Florida is famously a place where many individuals and couples relocate in their golden years to enjoy warm, inviting weather and plenty of sunshine. However, many aging individuals neglect to keep their loved ones safe by failing to take simple preventative measures when they relocate. If you have recently moved to Florida, or intend to do so soon, make sure that you have properly updated your will.
One of the most frustrating things about trying to spread around your good fortune to the ones you love is the relatively low ceiling on non-taxable giving. If you've been a little too generous before, you know just how infuriating this can be. You just want to give something good to someone you love, and end up giving them a bit of a double edged sword — a generous gift with a tax burden waiting on the other end. Fortunately, with little bit of planning, you significantly expand your ability to give without creating a ta dilemma.
Many young people believe that they simply do not need to make an estate plan, or that estate planning is for older people. The truth of the matter is that estate planning can be helpful for anyone who wishes to dictate how their assets are distributed after their death, or simply create a plan for you can make end-of-life decisions if the unthinkable happens. While many young do not often think that they may die before reaching old age, nearly everyone knows one or two individuals who passed away before their time.
Often, those who are young or do not have many material possessions fall prey to the incorrect assumption that they do no t need a will. However, this is a faulty approach to will-creation. Not only does a will govern how your estate will be distributed (however modest it may be), it also can declare your wishes for a number of very personal decisions.
These days, it is common for a person to have children from more than one marriage. While there is certainly nothing wrong with this, it can present some practical estate planning difficulties that should be addressed proactively to avoid leaving your loved ones an inheritance of conflict when you pass away.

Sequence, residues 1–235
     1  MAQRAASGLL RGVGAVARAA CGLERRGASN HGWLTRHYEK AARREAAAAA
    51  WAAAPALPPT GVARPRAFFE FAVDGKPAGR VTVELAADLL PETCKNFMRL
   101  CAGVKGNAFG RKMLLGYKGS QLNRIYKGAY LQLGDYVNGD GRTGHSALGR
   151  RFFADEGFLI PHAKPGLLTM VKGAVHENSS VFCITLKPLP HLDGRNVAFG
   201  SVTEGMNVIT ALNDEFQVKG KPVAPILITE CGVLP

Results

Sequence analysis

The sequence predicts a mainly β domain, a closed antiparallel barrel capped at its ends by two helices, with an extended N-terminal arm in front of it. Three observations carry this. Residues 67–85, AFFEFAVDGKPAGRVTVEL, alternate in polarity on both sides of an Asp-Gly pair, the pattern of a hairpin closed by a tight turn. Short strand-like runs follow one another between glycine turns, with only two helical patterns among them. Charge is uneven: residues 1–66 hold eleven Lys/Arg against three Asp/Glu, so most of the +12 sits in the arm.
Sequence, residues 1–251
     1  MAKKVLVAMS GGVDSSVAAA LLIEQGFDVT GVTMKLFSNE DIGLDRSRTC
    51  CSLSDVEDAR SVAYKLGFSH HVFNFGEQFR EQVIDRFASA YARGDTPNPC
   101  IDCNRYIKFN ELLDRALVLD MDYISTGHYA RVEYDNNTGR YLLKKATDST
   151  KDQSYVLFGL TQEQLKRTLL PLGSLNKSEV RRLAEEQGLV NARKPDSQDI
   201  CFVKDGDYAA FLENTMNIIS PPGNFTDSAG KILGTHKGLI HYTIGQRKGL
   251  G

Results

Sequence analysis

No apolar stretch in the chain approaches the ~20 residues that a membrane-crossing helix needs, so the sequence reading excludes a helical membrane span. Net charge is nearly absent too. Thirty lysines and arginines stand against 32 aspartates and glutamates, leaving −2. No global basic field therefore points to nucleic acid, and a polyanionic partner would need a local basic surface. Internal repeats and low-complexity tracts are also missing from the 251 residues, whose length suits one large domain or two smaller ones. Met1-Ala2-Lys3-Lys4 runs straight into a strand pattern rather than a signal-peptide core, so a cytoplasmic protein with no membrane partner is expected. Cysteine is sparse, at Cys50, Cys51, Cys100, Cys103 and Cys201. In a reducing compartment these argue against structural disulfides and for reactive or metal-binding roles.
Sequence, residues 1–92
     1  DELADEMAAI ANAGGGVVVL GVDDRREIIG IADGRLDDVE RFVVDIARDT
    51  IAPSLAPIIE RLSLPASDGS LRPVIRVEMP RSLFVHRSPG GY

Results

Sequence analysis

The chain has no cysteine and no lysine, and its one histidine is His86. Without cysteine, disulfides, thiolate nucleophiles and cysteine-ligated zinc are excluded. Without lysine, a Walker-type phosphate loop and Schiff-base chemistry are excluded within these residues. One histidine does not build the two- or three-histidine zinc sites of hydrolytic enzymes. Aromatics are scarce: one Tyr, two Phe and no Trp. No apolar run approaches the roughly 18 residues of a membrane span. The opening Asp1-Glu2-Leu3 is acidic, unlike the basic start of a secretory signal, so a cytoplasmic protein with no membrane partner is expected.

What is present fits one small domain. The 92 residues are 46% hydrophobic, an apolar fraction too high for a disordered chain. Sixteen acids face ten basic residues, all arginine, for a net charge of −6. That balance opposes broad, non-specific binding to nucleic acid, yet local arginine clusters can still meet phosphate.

You are ready to write your will. Some of the decisions you have made were more difficult than others. In fact, perhaps even now you are second guessing your choices. It may be easier to divide your assets evenly among your children, but you want to be fair.
Florida is a unique state in many ways, often leading to peculiar legal issues that residents in other states do not often encounter. Among other things, Florida has a much higher percentage of residents who choose to live in condominiums than many other states. Condominiums present interesting legal challenges because they often do not operate in the same way that more traditional homes might. Also, many condominiums operate with a super-localized form of informal government in their board. A condominium's board makes many decisions about day-to-day operations in the community, and how various fees will be assessed and used.
Wills and trusts take care of your family, and powers of attorney take care of you. Powers of attorney allow someone to make decisions on your behalf if you end up incapacitated due to an injury or illness. Your "agent" or "attorney-in-fact" should be someone you trust. This person also needs to understand your wishes when it comes to your health and your finances.
As we attempt to anticipate some of the changes that may come into effect as President-Elect Donald Trump takes office, the implications of his proposed tax plan may mean that it is time to revisit your estate plan to ensure that you are making the most of various tax guidelines. Under the proposed plan, the new system would eliminate many estate taxes and gift taxes altogether, as well as the transfer tax. In general terms, if these changes do take effect, they will shift the focus of estate planning from minimizing tax burdens on transfers to minimizing capital gain taxation.
It is always wise to have an estate plan, even if you don't have a large estate. Just about everyone can benefit from an estate plan, not only to protect their property, but also to protect themselves and their loved ones in case of unexpected hardship.